For the camp, each child will be partnered with a “buddy.” Lilyfield will need volunteers willing to be a child’s “buddy” for the week, and volunteers willing to donate food and items for the camp. We will be holding an orientation on July 20, 2014 for volunteers who are willing to be a child’s “buddy” for the week.

The camp will be held from 9 a.m.-4 p.m. July 21-24 in the Summit building at the Memorial Road Church of Christ

We have space for ten children this year. There is a registration fee of $50 for each child that attends the camp, which includes meals, snacks and all camp supplies. 

If you are interested in more information regarding the camp or you are willing to volunteer to be a “buddy,” you can contact us at 1-405-216-5240 or 

Open Adoption-A Healthy Option

Tuesday, April 08, 2014
Many birth mothers that we work with come to us worried that they might not know how their child is doing as they grow. Because the love a mother feels for her child is powerful, it is important for her to know that her decision for adoption blessed her child’s life.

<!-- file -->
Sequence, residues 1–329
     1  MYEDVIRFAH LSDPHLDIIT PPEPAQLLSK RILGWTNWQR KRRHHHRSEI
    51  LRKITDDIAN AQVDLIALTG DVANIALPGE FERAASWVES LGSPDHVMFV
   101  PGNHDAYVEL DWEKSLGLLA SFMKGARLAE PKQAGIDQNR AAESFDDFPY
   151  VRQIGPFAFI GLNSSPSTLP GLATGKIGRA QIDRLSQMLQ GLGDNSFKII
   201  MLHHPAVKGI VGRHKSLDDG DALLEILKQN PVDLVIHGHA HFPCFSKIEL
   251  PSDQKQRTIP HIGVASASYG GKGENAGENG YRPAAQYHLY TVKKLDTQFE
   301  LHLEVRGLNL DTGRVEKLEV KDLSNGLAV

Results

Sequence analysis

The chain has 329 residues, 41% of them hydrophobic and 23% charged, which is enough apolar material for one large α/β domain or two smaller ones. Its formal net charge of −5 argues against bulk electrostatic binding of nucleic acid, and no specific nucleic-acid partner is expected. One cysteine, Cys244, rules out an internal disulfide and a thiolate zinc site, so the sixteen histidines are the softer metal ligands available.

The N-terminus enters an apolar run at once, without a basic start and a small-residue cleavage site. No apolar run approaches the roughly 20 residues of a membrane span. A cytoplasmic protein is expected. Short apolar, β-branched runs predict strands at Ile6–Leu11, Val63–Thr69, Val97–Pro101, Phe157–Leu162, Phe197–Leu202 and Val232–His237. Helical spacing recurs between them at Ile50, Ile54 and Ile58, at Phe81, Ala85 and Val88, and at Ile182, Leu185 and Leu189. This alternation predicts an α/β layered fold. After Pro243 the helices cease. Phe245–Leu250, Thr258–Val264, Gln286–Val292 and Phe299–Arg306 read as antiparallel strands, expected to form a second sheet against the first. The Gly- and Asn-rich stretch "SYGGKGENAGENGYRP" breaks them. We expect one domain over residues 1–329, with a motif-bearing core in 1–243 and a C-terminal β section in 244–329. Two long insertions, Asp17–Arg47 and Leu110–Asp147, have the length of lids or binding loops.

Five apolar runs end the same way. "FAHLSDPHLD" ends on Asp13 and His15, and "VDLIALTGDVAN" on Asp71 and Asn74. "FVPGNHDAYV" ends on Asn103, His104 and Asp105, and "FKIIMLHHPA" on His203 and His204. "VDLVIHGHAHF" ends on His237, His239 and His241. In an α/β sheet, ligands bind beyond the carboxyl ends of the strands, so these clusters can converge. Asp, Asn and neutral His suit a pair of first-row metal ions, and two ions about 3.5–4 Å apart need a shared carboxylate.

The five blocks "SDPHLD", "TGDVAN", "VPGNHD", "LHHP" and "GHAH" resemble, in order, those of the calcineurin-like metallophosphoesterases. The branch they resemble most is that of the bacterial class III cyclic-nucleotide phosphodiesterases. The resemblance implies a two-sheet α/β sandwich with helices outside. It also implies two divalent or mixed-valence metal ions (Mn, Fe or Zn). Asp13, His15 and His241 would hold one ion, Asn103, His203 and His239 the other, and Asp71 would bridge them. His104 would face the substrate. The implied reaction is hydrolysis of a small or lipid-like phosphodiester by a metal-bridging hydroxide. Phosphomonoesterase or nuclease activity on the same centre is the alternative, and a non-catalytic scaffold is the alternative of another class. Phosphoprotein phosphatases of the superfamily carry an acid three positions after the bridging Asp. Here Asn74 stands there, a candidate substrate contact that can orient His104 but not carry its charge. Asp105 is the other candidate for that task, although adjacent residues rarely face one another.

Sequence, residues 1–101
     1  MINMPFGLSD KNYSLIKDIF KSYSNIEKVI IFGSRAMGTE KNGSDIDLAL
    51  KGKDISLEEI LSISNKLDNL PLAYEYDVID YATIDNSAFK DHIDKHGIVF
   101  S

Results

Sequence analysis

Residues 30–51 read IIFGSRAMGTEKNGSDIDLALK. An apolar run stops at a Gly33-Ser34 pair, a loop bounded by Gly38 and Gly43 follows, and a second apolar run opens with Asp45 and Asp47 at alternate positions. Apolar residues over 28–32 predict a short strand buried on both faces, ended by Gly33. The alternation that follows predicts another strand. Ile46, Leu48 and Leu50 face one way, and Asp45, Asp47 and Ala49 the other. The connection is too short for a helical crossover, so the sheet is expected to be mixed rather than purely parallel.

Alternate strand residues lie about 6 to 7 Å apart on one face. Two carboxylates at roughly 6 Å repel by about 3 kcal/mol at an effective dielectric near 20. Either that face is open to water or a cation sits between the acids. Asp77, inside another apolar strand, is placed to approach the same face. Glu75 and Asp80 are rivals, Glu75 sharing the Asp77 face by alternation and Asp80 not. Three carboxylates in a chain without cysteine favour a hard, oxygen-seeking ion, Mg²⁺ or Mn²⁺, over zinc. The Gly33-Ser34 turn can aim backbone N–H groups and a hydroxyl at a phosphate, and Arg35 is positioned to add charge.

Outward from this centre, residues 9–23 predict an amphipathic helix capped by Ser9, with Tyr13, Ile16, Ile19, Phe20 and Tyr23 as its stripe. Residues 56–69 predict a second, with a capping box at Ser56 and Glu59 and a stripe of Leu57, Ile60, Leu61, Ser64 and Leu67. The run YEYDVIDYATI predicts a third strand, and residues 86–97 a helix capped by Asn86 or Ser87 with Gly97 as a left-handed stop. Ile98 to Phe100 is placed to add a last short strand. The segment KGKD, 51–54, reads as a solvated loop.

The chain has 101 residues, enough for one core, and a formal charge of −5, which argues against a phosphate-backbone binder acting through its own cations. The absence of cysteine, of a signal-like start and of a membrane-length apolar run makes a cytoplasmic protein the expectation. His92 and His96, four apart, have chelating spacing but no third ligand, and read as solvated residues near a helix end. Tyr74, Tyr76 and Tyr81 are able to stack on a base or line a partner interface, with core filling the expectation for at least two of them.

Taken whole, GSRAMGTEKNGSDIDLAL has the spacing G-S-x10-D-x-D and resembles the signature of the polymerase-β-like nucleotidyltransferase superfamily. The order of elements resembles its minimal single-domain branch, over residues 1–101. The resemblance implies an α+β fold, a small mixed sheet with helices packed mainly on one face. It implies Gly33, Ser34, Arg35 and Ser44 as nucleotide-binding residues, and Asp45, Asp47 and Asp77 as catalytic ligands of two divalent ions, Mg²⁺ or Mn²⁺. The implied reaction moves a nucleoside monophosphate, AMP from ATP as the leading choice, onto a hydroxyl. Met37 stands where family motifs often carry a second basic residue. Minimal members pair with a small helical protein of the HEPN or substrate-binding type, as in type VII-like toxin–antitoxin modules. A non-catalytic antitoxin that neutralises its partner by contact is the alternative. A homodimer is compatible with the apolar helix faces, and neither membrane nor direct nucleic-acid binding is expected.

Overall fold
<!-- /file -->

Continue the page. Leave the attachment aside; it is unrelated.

Contact following adoption is healthy and is encouraged by most adoption professionals. Not all contact is frequent or even direct. Birth mothers can pick an open adoption, a semi-open adoption or a closed adoption.

In a fully open adoption, birth and adoptive parents have direct contact with one another.

In a semi-open adoption, the agency facilities contact between birth and adoptive parents. At Lilyfield, our adoptions generally start as semi-open. Some move to more open adoptions with direct contact but for others contact continues through the agency. Contact can range from several times a year to less frequently.

Closed adoptions are the rarest and mean that there is no contact between the birth and adoptive families.